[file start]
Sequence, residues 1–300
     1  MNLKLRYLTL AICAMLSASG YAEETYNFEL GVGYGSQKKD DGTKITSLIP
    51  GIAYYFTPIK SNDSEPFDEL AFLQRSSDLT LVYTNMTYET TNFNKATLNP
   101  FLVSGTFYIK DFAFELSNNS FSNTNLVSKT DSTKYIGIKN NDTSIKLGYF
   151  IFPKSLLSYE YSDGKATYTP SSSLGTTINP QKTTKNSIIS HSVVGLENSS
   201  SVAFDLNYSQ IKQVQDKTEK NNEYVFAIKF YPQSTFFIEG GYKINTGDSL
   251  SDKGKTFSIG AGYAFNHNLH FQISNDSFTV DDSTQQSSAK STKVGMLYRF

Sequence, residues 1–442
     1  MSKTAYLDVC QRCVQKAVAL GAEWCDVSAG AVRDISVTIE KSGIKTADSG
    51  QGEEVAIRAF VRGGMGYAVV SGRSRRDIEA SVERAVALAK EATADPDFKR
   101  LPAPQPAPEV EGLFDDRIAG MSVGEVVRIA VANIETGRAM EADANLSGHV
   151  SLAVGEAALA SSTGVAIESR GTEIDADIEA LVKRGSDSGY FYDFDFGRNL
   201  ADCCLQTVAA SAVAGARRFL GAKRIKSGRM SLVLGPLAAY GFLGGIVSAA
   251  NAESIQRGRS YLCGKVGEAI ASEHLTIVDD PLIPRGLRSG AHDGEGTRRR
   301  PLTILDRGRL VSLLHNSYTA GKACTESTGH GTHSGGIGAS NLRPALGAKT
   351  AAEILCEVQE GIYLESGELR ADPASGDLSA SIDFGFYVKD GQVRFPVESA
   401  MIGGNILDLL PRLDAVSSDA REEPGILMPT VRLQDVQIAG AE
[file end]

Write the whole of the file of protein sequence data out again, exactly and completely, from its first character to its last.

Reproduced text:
Sequence, residues 1–300
     1  MNLKLRYLTL AICAMLSASG YAEETYNFEL GVGYGSQKKD DGTKITSLIP
    51  GIAYYFTPIK SNDSEPFDEL AFLQRSSDLT LVYTNMTYET TNFNKATLNP
   101  FLVSGTFYIK DFAFELSNNS FSNTNLVSKT DSTKYIGIKN NDTSIKLGYF
   151  IFPKSLLSYE YSDGKATYTP SSSLGTTINP QKTTKNSIIS HSVVGLENSS
   201  SVAFDLNYSQ IKQVQDKTEK NNEYVFAIKF YPQSTFFIEG GYKINTGDSL
   251  SDKGKTFSIG AGYAFNHNLH FQISNDSFTV DDSTQQSSAK STKVGMLYRF

Sequence, residues 1–442
     1  MSKTAYLDVC QRCVQKAVAL GAEWCDVSAG AVRDISVTIE KSGIKTADSG
    51  QGEEVAIRAF VRGGMGYAVV SGRSRRDIEA SVERAVALAK EATADPDFKR
   101  LPAPQPAPEV EGLFDDRIAG MSVGEVVRIA VANIETGRAM EADANLSGHV
   151  SLAVGEAALA SSTGVAIESR GTEIDADIEA LVKRGSDSGY FYDFDFGRNL
   201  ADCCLQTVAA SAVAGARRFL GAKRIKSGRM SLVLGPLAAY GFLGGIVSAA
   251  NAESIQRGRS YLCGKVGEAI ASEHLTIVDD PLIPRGLRSG AHDGEGTRRR
   301  PLTILDRGRL VSLLHNSYTA GKACTESTGH GTHSGGIGAS NLRPALGAKT
   351  AAEILCEVQE GIYLESGELR ADPASGDLSA SIDFGFYVKD GQVRFPVESA
   401  MIGGNILDLL PRLDAVSSDA REEPGILMPT VRLQDVQIAG AE